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A Sample Script

Figure: A sample dip script

            # Sample dip script for dialing up cowslip
            # Set local and remote name and address
            get $local vlager
            get $remote cowslip

            port cua3                # choose a serial port
            speed 38400              # set speed to max
            modem HAYES              # set modem type
            reset                    # reset modem and tty
            flush                    # flush out modem response

            # Prepare for dialing.
            send ATQ0V1E1X1\r
            wait OK 2
            if $errlvl != 0 goto error
            dial 0123456789
            if $errlvl != 0 goto error
            wait CONNECT 60
            if $errlvl != 0 goto error

            # Okay, we're connected now
            sleep 3
            send \r\n\r\n
            wait ogin: 10
            if $errlvl != 0 goto error
            send Cvlager\r
            wait ssword: 5
            if $errlvl != 0 goto error
		#better not leave your password in ascii (thanx noud)
            wait running 30
            if $errlvl != 0 goto error
	#to set up your remote and local IP
        get $remote remote
        print remote = $remote
   	if $errlvl != 0 goto error
       	wait to 3
   	get $local remote
        print local = $local
   	if $errlvl != 0 goto error

        # We have logged in, and the remote side is firing up CSLIP.
        print Connected to $remote with address $rmtip
        default                  # Make this link our default route
        mode CSLIP                # We go to CSLIP mode, too
        # fall through in case of error
        print CSLIP to $remote failed.

A sample script is produced in figure-gif. It can be used to connect to cowslip by invoking dip with the script name as argument:

           # dip cowslip.dip
           DIP: Dialup IP Protocol Driver version 3.3.7 (12/13/93)
           Written by Fred N. van Kempen, MicroWalt Corporation.

           connected to with addr
After connecting to cowslip and enabling CSLIP, dip will detach from the terminal and go to the background. You can then start using the normal networking services on the CSLIP link. To terminate the connection, simply invoke dip with the -k option. This sends a hangup signal to dip process, using the process id dip records in /etc/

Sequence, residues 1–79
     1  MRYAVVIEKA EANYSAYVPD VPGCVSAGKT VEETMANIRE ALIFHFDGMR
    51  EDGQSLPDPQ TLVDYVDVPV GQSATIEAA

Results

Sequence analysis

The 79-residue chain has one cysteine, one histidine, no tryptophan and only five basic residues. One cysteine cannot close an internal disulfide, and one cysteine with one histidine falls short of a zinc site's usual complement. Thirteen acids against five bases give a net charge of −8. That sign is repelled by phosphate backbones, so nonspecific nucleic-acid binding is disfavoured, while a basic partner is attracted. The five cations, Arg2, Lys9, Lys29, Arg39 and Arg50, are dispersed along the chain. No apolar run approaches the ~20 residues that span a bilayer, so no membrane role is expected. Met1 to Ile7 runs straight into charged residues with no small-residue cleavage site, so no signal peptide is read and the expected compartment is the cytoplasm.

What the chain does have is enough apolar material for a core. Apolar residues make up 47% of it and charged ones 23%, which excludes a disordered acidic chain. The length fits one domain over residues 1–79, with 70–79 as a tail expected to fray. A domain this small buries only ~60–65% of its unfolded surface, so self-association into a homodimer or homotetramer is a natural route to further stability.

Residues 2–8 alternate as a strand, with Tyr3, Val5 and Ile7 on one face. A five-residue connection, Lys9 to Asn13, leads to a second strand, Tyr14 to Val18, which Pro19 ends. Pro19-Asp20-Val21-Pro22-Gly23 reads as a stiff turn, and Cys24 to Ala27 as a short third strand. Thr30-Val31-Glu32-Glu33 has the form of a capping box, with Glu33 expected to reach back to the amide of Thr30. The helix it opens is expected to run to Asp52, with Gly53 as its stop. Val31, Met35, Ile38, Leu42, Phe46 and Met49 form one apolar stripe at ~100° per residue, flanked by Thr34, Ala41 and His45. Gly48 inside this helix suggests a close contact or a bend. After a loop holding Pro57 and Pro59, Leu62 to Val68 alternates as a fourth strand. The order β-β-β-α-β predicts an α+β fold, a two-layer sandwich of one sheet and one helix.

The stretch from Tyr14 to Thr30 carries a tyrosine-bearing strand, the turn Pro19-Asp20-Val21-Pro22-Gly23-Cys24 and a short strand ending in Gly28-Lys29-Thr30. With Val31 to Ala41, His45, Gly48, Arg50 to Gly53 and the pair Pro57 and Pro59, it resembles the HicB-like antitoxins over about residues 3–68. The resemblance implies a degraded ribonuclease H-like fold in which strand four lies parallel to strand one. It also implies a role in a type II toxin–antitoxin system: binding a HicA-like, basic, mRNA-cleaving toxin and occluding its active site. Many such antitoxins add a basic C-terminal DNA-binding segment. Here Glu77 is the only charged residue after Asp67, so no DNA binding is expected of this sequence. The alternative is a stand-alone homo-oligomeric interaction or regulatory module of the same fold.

# kill -k
In dip's scripting language, keywords prefixed with a dollar symbol denote variable names. dip has a predefined set of variables which will be listed below. $remote and $local, for instance, contain the hostnames of the local and remote host involved in the SLIP link.

The first two statements in the sample script are get commands, which is dip's way to set a variable. Here, the local and remote hostname are set to vlager and cowslip, respectively.

The next five statements set up the terminal line and the modem. The reset sends a reset string to the modem; for Hayes-compatible modems, this is the ATZ command. The next statement flushes out the modem response, so that the login chat in the next few lines will work properly. This chat is pretty straight-forward: it simply dials 41988, the phone number of cowslip, and logs into the account Svlager using the password hey-jude. The wait command makes dip wait for the string given as its first argument; the number given as second argument make the wait time out after that many seconds if no such string is received. The if commands interspersed in the login procedure check that no error has occurred while executing the command.

The final commands executed after logging in are default, which makes the SLIP link the default route to all hosts, and mode, which enables SLIP mode on the line and configures the interface and routing table for you.

Next: A dip Reference Up: Using dip Previous: Using dip

Andrew Anderson
Thu Mar 7 23:22:06 EST 1996